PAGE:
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Fooling face recognition systems with makeup

NYU Graduate student Adam Harvey has discovered that strange makeup patterns can fool face recognition systems. But you'll have to be OK looking like David Bowie.

anti-surveillance makeup
The facial-recognition system may not notice you in your "CV Dazzle Makeup," but onlookers surely will. Pepin Press/Adam Harvey

The next time you see someone with makeup that puts David Bowie to shame, don't laugh too much. He or she may be cleverly trying to fool face recognition and detection systems with a crazy or asymmetrical design.

It's generally not easy to avoid being spotted by face recognition and detection systems because they use a rather solid algorithm to identify faces, explains The Register:

Based on the so-called Viola-Jones method (PDF), the algorithm examines the spatial relationships of an object captured in an image and looks for features commonly found in faces. Most faces have a dark region just above the eyes, while the cheek bones and nose bridge will appear lighter. When the algorithm detects enough such attributes, it guesses the object is a face. The method is generally regarded as effective. Errors are in favor of false positives, making it hard for unobstructed faces to escape notice when they aren't captured at an angle.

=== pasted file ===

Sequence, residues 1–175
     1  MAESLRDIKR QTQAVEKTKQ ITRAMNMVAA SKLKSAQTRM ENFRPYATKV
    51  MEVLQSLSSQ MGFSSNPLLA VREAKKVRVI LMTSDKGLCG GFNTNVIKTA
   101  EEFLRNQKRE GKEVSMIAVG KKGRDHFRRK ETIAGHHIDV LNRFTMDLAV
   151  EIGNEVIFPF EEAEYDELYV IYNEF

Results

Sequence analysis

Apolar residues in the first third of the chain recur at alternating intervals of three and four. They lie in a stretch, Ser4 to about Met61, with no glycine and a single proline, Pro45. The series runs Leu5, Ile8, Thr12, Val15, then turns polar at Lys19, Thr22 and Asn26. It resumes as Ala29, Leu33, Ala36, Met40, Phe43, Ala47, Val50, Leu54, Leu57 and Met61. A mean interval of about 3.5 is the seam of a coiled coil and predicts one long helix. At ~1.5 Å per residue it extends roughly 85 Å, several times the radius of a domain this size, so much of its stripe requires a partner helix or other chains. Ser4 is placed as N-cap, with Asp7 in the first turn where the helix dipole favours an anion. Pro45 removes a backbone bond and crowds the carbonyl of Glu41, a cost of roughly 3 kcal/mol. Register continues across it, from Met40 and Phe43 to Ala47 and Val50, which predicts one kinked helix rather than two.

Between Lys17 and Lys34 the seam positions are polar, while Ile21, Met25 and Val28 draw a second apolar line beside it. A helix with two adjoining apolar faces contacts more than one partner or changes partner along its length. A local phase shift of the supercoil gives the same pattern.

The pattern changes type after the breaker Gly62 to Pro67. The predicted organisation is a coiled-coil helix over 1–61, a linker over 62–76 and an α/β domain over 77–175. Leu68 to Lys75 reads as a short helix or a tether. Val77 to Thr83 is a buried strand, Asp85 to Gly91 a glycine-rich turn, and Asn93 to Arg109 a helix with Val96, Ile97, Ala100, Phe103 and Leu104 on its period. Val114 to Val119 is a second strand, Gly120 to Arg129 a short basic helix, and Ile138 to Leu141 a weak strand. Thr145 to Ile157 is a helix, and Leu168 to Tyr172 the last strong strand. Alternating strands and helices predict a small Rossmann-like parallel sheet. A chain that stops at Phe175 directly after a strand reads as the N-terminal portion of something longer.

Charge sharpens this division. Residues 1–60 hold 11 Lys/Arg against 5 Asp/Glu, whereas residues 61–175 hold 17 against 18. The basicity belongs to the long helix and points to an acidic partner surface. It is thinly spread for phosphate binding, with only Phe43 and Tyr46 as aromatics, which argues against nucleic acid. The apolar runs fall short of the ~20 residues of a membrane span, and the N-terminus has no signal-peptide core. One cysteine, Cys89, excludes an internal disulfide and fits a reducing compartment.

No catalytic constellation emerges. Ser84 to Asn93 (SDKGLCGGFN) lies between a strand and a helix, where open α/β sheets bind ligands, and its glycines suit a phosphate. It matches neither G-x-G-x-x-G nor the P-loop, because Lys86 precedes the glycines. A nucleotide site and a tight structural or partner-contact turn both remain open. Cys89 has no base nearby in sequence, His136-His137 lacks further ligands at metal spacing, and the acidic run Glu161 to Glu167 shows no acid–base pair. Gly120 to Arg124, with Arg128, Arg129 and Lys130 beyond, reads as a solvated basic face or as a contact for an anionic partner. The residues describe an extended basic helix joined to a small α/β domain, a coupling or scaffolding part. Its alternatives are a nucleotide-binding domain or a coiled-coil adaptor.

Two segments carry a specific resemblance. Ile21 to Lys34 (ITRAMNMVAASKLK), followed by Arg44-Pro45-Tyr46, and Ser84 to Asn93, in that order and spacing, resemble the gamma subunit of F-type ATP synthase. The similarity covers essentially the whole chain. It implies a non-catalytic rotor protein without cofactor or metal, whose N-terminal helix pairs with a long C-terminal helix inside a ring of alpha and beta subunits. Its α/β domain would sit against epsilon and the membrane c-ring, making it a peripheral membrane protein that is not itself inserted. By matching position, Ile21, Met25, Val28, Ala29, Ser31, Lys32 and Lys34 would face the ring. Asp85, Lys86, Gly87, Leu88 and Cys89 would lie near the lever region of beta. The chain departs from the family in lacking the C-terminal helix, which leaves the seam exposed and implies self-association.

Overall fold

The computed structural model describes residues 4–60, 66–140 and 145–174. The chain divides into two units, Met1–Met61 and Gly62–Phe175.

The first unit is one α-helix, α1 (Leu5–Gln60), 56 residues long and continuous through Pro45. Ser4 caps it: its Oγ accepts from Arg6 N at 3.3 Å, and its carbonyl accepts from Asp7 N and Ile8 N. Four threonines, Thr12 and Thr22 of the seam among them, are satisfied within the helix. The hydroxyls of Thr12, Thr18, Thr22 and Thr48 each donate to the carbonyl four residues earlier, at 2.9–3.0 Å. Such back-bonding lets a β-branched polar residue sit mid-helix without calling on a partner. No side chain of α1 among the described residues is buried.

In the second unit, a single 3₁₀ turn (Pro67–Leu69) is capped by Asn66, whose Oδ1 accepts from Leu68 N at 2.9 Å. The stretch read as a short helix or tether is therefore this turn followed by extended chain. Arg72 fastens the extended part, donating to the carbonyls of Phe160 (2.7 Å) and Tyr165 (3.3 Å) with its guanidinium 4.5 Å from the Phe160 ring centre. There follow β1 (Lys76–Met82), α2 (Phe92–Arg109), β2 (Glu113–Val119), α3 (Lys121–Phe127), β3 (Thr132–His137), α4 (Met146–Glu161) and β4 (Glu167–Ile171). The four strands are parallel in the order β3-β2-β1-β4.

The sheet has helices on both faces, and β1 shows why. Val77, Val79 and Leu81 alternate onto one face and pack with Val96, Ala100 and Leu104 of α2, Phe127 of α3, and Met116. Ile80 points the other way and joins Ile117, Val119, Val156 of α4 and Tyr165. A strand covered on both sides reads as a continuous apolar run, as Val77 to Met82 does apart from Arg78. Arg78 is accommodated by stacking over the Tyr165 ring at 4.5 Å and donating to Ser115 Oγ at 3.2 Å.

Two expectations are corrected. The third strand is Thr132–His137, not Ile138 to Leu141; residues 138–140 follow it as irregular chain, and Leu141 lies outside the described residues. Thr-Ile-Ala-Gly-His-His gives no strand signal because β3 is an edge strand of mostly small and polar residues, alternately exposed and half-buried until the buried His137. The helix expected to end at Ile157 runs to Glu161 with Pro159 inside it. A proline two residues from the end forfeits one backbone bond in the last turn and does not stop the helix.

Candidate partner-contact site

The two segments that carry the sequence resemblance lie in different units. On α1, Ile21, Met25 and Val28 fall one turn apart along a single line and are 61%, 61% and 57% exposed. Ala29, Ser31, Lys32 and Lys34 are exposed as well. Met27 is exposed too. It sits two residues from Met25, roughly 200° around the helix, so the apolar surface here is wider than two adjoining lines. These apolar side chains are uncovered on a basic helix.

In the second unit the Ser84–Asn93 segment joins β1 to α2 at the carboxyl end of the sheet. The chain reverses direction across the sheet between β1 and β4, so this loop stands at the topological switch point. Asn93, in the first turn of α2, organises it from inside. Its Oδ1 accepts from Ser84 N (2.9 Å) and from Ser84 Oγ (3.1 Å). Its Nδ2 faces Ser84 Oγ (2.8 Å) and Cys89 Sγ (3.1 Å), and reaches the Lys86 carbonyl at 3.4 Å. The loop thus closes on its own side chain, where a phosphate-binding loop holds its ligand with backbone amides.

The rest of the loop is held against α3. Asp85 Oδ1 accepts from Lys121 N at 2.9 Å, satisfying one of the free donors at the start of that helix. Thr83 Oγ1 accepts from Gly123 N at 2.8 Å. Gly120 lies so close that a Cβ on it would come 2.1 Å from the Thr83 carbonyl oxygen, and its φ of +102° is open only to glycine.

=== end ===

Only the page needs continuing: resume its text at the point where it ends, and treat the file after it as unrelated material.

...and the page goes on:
While the algorithm is effective, it can be fooled with makeup applied to "alter the contrasts the technology looks for," says Adam Harvey, a graduate student in New York University's Interactive Telecommunications Program who previously conceived of a flashing clutch to ward off paparazzi. As part of his thesis, Harvey discovered that "dark patterns applied around eyes and cheek bones" do this trick quite well by "throwing off the symmetry" and making you look silly.

While Harvey's "anti-surveillance makeup" isn't foolproof, it shows that face recognition and detection systems aren't perfect either. That and the fact that Mr. Bowie might've been on to something.

This story originally appeared on Gizmodo.